Mayor Sam Adams from Portland, Oregon has kept his promise to ban the plastic bag in the City of Portland. This debate has been my focus for years and to see it come to a positive conclusion makes me proud to live in Portland, Oregon. Plastic bags are found in rivers, lakes, trees, blowing through parking lots and clogging recycling facilities. Less then 5% are recycled each year, they are made from oil and the time has come for Portland, Oregon to lead by encouraging people to use reusable bags. This ban will far from be perfect but it’s a great start and I will be celebrating it’s passage into law.
Please click the link below to watch Mayor Sam Adam’s video on the plastic bag.
Mayor Sam Adams
Oregonians use the equivalent of 444 single-use plastic checkout bags each, every year. That’s a bad habit worth kicking.
By Sam Adams
Fri, July 15, 2011 8:44am
Oregonians use an estimated 1.7 billion single-use plastic checkout bags each year—the equivalent of 444 bags for every man, woman, and child in Oregon, every year. That’s a bad habit worth kicking.
Growing up on the Oregon coast, I saw firsthand the devastating effects that discarded plastic has on our waterways and wildlife. In Portland, and in all of Oregon, single-use plastic checkout bags are an eyesore, getting into our waterways and our storm drains. Plastic bags are a nuisance, jamming up recycling facility machines and costing those facilities tens of thousands of dollars a month in maintenance and labor to fix the mess.
And globally, plastic bags are part of an environmental crisis—from the oil needed to manufacture and transport bags around the planet, to the massive plastic islands of trash destroying our oceans and intoxicating our marine food web.
That’s why I’m introducing an ordinance at City Council on July 21 at 3:45 pm that would prohibit the largest generators of single-use plastic checkout bags—large grocery stores and large retailers that have pharmacies—from distributing these bags to their customers at point of sale. See today’s Oregonian story for more details.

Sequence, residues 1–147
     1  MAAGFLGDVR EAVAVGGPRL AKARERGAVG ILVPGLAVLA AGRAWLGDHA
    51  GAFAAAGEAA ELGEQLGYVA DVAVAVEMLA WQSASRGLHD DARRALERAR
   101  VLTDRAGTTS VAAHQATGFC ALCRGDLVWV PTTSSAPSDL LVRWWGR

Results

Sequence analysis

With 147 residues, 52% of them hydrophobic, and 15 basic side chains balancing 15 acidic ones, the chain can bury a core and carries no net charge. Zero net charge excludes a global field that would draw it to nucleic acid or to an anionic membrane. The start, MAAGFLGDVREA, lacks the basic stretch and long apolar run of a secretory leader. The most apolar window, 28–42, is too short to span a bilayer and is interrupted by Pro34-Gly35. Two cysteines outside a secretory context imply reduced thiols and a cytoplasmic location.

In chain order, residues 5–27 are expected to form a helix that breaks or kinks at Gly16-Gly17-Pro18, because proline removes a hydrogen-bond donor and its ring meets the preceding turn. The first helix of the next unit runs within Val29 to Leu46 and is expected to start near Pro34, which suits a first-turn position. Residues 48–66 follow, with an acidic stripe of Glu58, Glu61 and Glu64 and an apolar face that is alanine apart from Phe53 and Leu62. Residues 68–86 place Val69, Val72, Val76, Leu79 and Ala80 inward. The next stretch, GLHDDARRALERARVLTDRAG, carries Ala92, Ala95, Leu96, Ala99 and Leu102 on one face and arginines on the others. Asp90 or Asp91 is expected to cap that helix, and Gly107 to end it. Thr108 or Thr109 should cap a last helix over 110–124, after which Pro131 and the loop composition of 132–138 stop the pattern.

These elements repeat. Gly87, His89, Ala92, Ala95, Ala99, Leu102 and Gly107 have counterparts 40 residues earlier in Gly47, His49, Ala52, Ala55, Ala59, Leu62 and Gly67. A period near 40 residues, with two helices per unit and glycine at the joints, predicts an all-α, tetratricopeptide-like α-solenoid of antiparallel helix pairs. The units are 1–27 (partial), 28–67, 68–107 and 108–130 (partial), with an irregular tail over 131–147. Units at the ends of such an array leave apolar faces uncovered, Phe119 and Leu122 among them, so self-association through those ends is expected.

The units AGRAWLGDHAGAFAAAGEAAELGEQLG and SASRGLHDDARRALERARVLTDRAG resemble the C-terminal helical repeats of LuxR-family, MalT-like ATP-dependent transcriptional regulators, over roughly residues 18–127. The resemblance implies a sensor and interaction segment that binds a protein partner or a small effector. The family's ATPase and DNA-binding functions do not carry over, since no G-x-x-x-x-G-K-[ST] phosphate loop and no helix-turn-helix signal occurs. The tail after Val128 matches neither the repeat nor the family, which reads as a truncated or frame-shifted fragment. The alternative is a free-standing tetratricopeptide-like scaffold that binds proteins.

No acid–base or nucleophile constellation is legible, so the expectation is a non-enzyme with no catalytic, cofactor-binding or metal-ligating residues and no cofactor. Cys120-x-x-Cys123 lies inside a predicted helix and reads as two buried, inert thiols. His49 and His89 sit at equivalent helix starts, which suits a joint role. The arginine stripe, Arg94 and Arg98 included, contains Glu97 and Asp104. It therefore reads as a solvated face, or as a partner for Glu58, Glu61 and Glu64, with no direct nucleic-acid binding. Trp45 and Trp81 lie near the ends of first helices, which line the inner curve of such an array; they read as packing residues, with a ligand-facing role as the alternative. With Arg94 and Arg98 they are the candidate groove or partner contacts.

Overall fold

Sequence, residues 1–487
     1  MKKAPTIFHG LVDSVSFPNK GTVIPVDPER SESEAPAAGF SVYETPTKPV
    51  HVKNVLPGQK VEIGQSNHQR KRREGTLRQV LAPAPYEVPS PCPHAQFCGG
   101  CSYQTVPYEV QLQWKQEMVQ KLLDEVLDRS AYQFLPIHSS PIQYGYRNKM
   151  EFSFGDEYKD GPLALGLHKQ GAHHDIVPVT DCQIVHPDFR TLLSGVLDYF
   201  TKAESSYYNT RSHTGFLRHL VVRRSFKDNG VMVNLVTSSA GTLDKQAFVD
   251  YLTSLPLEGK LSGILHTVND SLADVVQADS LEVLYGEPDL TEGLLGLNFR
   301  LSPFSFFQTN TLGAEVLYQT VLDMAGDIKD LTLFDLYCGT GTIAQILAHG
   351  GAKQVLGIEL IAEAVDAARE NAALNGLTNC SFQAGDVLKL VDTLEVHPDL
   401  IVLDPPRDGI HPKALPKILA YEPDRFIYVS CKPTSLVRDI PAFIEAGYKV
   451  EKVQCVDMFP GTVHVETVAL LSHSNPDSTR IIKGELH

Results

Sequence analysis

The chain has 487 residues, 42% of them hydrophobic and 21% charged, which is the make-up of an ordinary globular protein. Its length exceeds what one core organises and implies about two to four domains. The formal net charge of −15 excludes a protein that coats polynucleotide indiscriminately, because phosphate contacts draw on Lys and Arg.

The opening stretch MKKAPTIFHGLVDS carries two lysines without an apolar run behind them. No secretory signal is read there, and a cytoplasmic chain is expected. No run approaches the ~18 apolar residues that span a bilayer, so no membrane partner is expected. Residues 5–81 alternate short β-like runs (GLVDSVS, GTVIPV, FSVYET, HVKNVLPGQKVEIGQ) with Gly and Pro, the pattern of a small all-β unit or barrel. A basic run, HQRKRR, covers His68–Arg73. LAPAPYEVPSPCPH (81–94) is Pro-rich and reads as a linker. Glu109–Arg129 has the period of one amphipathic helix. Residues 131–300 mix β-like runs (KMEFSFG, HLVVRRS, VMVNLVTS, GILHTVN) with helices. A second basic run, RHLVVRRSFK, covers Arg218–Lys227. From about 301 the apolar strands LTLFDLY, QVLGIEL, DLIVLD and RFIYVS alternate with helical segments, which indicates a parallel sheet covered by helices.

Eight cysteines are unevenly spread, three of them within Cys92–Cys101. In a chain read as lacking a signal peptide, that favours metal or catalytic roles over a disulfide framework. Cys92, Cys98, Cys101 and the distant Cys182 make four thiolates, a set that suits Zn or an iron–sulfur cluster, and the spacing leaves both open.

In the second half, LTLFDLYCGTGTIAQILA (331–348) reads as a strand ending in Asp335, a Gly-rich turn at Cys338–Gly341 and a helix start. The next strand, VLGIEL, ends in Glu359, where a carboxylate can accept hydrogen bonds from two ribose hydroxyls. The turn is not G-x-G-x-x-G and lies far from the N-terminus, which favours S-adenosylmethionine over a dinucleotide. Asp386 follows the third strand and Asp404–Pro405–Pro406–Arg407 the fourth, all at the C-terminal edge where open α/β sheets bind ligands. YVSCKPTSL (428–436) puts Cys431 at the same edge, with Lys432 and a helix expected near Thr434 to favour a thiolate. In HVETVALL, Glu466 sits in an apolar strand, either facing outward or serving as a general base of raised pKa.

This policy is a pragmatic approach to a real and seemingly insurmountable problem, and was shaped by a coalition of businesses, environmental groups and city staff, and informed by lessons from cities and nations that have already taken action on single-use plastic checkout bags—from San Francisco to China. Portlanders are prepared to lead the way in Oregon.
If approved, the ban would take effect on October 15, 2011. The policy also promotes the use of reusable checkout bags, and provides reusable bags free-of-charge to qualifying low-income residents and seniors. This initiative does not mandate retailers to charge a bag fee, and does not prevent retailers from offering a reusable checkout bag discount. Full details of the proposal, including answers to frequently asked questions and a copy of the ordinance, can be found at mayorsamadams.com/bagban.
Portland and Oregon have always led the nation on smart environmental policy. Portland’s economic prosperity is being built on our creativity, our innovation, our expertise in sustainability, and our heritage of great manufacturing. By taking action now, we’re continuing our city’s leadership in sustainable urban living and making an investment in our city’s future.